The Department of Defense (DoD) Inspector General (IG) found that DoD cardholders used their government travel cards for personal use at casinos and adult entertainment establishment (ok, I’ll say it….strip clubs).
The DoD IG found that cardholders made 4,437 transactions totaling $952,258 at casinos and another 900 transactions totaling $96,576 at strip clubs. The IG recommended that DoD create safeguards that will decline or flag improper charges and hold cardholders accountable, including:
- identifying personal use of charge cards at casinos and strip clubs;
- deactivating cards or limiting authorizations when the cardholders are not on official travel;
- reviewing declined authorizations;
- creating high-risk merchant categories, and possibly blocking usage at casinos and strip clubs;
- detecting personal use activity; and
- improving communications with banks about potential misuse.
The gaming industry has doubled down on its effort to remind the government that some transactions at casinos are part of official travel and therefore blocking the use of government charge cards isn’t in the best interest of the government.
Although the recent DoD IG findings are being sensationalized by the media, the improper use of government charge cards really is a longstanding problem that needs a genuine solution.
In the past, there have been improper charges on purchase cards, fleet cards, and travel cards at a number of agencies, including the Environmental Protection Agency, Internal Revenue Service, U.S. Postal Service, Veterans Affairs, and the Department of Homeland Security. There have been “fraudulent, improper, and abusive” purchases of lap dances and breast implants, as well as lingerie, internet dating services, video iPods, and lavish dinners. A congressional hearing last year found charge cards being used for gym memberships, gift cards, and services at hair salons.
During the Hurricane Katrina recovery, government employees purchased “a beer brewing kit, a 63” plasma television costing $8,000 which was found unused in its original box six months after being purchased, and tens of thousands of dollars for training at golf and tennis resorts.” Additional instances of noncompliance and inaccuracies were also found by the Department of Health and Human Services Inspector General.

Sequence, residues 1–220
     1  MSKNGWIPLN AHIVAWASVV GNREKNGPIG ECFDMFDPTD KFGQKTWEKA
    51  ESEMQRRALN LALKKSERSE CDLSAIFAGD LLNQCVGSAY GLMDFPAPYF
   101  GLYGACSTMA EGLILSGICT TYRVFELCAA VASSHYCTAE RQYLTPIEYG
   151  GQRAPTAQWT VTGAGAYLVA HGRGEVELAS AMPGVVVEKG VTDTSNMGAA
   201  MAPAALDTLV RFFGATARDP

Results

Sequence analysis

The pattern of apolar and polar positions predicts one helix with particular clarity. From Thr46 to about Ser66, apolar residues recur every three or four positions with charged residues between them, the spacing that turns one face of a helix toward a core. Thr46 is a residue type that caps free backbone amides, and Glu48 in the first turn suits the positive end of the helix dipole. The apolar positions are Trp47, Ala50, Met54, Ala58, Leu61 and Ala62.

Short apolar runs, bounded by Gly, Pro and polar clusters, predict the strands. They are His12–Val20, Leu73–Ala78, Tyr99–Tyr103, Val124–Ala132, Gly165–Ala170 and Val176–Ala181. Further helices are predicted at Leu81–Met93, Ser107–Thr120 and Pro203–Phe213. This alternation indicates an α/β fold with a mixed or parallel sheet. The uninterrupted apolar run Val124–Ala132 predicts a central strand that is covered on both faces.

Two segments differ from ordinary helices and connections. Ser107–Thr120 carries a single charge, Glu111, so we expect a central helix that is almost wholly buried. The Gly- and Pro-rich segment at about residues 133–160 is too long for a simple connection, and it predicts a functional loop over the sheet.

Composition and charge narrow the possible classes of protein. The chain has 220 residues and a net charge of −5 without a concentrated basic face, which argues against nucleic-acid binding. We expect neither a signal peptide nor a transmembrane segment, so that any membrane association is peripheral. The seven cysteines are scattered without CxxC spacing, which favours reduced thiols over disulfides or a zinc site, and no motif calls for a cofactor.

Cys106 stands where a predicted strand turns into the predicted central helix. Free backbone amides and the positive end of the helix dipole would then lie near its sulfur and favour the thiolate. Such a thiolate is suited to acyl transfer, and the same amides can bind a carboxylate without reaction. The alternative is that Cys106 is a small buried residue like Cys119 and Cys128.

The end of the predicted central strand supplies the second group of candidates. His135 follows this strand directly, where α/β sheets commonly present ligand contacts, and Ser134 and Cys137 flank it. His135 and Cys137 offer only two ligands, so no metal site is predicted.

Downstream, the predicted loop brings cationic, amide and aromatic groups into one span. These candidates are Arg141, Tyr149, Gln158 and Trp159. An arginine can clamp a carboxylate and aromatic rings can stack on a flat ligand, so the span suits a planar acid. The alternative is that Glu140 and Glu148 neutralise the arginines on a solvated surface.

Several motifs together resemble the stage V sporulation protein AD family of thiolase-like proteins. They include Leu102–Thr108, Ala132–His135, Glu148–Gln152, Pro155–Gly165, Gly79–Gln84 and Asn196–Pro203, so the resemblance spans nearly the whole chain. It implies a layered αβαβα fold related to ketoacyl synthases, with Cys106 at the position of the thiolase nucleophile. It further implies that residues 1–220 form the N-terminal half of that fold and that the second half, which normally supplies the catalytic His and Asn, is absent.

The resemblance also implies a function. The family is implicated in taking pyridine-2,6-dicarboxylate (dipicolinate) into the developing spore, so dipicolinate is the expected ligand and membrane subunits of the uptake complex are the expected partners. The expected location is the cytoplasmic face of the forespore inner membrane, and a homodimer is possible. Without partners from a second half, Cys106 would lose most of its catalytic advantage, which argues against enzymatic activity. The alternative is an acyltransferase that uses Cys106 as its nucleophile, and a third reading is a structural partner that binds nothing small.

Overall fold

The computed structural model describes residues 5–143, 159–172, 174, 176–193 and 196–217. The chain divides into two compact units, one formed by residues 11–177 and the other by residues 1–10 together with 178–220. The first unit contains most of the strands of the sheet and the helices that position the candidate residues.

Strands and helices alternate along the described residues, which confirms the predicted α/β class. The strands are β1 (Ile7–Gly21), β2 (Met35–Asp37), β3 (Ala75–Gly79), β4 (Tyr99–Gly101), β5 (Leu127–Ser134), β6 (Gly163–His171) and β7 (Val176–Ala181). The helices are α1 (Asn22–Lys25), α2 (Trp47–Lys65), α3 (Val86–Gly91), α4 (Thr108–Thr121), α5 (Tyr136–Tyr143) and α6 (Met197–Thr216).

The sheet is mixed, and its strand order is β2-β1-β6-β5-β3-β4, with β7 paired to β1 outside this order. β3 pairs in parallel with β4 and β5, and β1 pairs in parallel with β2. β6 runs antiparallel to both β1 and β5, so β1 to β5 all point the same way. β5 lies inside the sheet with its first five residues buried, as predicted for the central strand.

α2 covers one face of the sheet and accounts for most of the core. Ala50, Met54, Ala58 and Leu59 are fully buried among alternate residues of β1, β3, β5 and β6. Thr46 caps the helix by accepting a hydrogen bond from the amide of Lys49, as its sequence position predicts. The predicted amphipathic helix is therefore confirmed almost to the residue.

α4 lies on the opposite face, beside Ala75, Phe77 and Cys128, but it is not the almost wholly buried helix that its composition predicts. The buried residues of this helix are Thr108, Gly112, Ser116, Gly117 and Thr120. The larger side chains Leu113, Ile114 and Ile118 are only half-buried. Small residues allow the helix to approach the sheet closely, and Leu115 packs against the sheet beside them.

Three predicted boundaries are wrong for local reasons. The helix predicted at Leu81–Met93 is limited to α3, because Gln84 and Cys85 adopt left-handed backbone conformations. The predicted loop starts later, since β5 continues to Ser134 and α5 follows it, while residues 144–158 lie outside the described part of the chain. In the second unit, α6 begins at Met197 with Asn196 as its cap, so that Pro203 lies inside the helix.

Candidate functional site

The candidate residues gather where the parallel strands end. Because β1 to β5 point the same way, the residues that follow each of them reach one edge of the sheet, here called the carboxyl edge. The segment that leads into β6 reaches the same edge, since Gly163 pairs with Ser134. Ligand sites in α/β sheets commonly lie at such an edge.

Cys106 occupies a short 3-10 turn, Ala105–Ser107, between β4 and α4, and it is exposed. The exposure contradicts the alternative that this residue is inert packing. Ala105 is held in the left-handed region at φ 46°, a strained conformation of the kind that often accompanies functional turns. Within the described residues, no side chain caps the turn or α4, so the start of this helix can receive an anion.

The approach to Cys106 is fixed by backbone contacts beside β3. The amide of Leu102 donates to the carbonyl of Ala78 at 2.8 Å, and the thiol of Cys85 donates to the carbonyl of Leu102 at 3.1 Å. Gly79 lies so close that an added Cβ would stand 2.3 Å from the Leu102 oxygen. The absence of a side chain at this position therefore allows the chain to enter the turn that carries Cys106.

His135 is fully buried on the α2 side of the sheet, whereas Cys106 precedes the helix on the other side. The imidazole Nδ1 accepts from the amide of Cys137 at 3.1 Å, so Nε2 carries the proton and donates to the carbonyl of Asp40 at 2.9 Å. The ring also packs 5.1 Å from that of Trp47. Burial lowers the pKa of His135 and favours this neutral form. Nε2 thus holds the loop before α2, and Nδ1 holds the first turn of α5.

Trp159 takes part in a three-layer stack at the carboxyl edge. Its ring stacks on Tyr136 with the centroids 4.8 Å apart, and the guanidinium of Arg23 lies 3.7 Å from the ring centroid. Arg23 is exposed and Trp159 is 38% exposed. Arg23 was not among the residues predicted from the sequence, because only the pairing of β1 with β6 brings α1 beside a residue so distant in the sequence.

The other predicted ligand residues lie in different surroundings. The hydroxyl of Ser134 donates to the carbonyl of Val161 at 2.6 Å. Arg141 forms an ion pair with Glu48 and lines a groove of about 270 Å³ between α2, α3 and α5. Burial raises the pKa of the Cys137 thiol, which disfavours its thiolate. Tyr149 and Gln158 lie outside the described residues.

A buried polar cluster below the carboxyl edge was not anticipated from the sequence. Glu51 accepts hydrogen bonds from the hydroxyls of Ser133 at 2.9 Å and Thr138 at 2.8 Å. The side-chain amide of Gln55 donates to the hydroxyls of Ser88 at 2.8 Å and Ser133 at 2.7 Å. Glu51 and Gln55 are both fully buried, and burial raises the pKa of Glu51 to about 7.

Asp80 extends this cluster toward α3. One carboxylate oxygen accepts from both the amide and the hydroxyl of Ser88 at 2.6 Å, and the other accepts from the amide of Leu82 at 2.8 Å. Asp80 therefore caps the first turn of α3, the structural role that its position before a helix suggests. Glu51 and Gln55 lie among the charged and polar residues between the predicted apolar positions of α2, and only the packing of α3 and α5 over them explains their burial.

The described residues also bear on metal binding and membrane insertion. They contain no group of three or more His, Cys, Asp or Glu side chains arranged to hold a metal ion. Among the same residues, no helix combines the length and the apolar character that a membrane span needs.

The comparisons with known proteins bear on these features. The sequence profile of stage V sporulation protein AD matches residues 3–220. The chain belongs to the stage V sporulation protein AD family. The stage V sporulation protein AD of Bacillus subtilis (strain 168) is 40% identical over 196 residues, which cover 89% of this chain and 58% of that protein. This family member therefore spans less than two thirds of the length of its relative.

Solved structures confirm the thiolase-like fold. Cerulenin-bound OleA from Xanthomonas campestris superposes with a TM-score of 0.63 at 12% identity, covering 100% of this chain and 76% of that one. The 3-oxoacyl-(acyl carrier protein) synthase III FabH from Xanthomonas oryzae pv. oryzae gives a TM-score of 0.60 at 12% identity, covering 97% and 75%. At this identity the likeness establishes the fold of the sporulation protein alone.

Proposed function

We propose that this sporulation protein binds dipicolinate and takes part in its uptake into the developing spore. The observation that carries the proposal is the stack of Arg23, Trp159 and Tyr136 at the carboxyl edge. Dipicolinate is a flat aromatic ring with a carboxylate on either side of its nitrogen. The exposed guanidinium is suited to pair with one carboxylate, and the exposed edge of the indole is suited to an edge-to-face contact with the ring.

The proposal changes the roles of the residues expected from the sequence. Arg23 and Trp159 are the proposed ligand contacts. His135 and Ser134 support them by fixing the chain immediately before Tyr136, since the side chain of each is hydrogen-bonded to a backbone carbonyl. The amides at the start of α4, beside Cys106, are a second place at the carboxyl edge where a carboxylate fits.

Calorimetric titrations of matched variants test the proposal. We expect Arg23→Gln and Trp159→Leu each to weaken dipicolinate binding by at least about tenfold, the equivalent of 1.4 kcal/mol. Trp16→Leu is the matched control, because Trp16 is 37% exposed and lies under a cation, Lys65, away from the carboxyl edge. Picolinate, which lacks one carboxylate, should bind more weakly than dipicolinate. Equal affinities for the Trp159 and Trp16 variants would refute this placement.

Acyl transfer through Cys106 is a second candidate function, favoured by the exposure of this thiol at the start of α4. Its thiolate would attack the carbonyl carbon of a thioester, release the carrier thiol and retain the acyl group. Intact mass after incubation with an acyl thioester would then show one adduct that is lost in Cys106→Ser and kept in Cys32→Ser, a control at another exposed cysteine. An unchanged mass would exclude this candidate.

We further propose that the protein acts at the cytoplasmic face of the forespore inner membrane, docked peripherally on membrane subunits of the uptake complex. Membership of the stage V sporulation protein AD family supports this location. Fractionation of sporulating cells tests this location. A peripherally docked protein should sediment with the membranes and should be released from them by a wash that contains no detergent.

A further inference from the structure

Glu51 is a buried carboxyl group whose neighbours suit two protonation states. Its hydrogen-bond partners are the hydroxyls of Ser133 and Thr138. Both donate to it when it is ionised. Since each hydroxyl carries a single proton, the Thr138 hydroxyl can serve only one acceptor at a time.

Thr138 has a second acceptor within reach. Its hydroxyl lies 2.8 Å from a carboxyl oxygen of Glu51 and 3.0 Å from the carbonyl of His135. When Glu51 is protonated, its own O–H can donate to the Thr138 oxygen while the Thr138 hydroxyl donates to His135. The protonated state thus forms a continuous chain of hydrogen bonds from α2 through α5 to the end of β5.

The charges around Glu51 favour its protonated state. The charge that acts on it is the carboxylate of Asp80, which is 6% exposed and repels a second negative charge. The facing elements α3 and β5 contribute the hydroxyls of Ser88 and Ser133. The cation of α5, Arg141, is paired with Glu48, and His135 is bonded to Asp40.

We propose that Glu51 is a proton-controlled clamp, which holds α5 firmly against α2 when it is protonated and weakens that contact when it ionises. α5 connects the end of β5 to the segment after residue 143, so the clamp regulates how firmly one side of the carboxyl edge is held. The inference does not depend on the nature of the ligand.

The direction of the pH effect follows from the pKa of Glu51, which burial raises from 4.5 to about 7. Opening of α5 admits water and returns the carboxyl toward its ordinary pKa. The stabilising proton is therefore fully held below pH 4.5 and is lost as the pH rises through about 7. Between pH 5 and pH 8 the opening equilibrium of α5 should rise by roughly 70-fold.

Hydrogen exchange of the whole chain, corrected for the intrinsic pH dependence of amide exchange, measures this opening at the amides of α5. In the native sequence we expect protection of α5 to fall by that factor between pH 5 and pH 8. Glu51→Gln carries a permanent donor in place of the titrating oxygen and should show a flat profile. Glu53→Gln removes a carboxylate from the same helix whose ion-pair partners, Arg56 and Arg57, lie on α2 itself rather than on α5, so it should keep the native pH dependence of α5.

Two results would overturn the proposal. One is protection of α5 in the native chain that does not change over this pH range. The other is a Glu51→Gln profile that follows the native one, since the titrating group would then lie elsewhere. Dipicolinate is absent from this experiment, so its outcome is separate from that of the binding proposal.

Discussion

According to documents the Project On Government Oversight obtained through the Freedom of Information Act, the Office of Management and Budget (OMB) found that 1,164 purchase or integrated cards were misused from April 1 through September 30, 2013 (document unaltered by POGO). According to that same document, the government took 824 adverse personnel actions, including reprimand, suspension, and removal.
OMB was quick to point out that the purchase card violations accounted for only 0.4 percent of the more than 300,000 purchase cards in use. That might seem like a tiny number, but this analysis only covered a six-month period. The rest of OMB’s purchase card violation reports are not publicly available. OMB did not respond to POGO’s request for the agency’s other purchase card violation reports, which are published twice a year.
Based on the troubled history of purchase-card misuse, Congress passed a law in 2012 to prevent such abuse, and many improvements have been made in systems, guidance and training, policies, memos, and reporting requirements. The OMB IG has also weighed in with recommendations. Despite those efforts, we still see instances like the DoD IG documented where government charge cards are used for questionable purchases at non-government purposes.
Purchase cards were thought to be a great idea that reduce costs to the government and allow quick and easy buying, which is true when used by responsible card holders. However, the government has to do a better job at identifying and preventing abusive charges that are not related to official travel and a genuine government purpose.